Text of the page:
“This is a city where people drive. It’s going to stay that way.” Heard from a #NewtonMA City Councilor at Zoning meeting tonight.
That’s not good enough for me. We can do much more to provide diverse transportation options for those who want them. #MApoli
— Bryan Barash (@bryanbarash) February 12, 2019
I spent Monday night in my kitchen watching the Washington Street presentation over Councilor Emily Norton’s shoulder.
Thanks to the Facebook feed of the live discussion, I had a chance to sit in even as I took care of dinner, and monitored homework while my wife headed off to her own meetings. I’m sure I’m not the only one who couldn’t make it thanks to family duties, but by the sounds of the clapping and cheering I heard during certain city council comments and questions, I could tell that the gallery was likely full. My guess (and if I’m wrong, someone please correct me) is that the audience skewed older and mostly white, as is borne out by broader statistical analysis of Boston-area public meetings.
I’m not going to comment on the proposal itself here, but the part that frightened me most was the same one that Bryan Barash noted on Twitter: “This is a city where people drive. It’s going to stay that way.”
That came from Councilor Lisle Baker and was met with cheers from the gallery. Yes, people were cheering that they can drive their cars.
We don’t have Millennials in Newton, but Somerville does. That’s the group currently working their way up the economic ladder. Somerville is seeing a drop in cars per worker in households. It’s also looking forward to the day when the Green Line comes through and 85% of the population is within .5 miles of the T, today that number is 65%.
I was at a panel discussion on Wednesday night in Somerville in which business people, property owners, and planners talked about the future of Union Square. When asked the number one issue it was clear: non-car transportation. The person representing Greentown Labs said that hey simply can’t have more parking, even as they continue to grow. Both economic development and commercial tax revenue depends on finding a solution to that problem. Expecting that everyone will drive is not a tenable solution. Another panelist, who leads a major employer in the area, noted simply that she doesn’t own a car, which received as much cheering there as Baker’s comments did in the Newton gallery.
The future of Newton is the people who don’t necessarily WANT to own a car. If we do not build for them then our city has no future. FULL STOP.
The through-the-windshield view on life isn’t limited to Newton, of course. On a recent War on Cars podcast, the hosts pointed out how one Mercedes Super Bowl ad laid out the driver fantasy that everything just happens at their whim. Want the light to go your way? Just say it. How many of us have been in traffic and just wished that everyone would go away, leaving us a clear, clean ride to our destination. This is what Councilor Baker described on Monday as he protested against a road diet. He wants the road from his house in Chestnut Hill to the stores in West Newton to be wide open for his personal convenience.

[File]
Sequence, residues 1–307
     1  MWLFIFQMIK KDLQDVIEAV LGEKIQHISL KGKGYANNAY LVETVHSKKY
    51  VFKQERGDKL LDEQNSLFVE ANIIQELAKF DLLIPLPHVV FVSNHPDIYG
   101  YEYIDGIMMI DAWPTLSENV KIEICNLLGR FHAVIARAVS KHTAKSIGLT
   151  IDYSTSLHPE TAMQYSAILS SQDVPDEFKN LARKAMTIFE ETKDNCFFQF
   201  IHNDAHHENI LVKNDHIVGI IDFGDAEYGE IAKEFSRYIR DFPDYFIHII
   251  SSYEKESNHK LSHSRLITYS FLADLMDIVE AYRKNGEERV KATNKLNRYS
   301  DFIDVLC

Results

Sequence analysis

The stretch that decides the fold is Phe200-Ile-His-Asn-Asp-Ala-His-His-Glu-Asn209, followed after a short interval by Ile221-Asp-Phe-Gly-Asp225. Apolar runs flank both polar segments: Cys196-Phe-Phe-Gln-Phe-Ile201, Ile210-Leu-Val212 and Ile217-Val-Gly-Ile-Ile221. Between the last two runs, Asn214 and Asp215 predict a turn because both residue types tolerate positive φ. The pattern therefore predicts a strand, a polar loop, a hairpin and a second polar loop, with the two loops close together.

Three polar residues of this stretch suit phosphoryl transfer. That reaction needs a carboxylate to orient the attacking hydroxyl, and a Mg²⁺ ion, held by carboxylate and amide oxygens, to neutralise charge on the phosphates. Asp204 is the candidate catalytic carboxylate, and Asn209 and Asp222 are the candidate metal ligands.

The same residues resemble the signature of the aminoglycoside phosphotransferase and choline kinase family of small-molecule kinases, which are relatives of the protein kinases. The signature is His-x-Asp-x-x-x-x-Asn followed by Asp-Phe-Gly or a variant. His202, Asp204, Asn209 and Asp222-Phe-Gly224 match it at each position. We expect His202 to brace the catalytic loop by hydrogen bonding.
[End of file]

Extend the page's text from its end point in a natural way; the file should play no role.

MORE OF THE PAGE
This isn’t reality, and creating roads that speed us through with as many lanes as possible doesn’t make for a pleasant way of life. Councilor Baker suggested that the solution for Washington Street may be to make it more like Route 9, pointing to the success of Chestnut Hill Square. I’m sure that many people find that area to be a compelling shopping experience, but it’s very different than, say, West Newton or Newtonville. From my perspective, the saddest thing about the Chestnut Hill shopping areas, in general, is that they turn their back on the T. Instead of creating walkable villages built around a nearby MBTA station (as is the case a single stop away in Newton Centre) they are car-based shopping concepts that create horrible walking experiences to and from the MBTA stop. This is especially upsetting when you realize how close “The Street” is to Boston College and the student population there. Instead of creating the vibrancy of Davis Square, we built a suburban shopping experience straight out of Paramus, New Jersey.
What happens when cars become more important than people? On Tuesday a student crossing at the corner of Albermarle and Crafts was hit by a slow-moving car, then the car left. A woman (who posted the story on Facebook) stopped to check on the kid who said he was OK, if a bit shaken. Later in the same comment thread the kids’ mom noted that this is the third time one of her children has been struck by a car while walking. This is not something we should accept. We owe our children more than that.
With Hello Washington Street we have a chance to build for the future. And while it’s true that we cannot rely on the MBTA to fix our public transportation woes, we will need Newton and the real estate developers to make transportation happen.
We need to plan on it.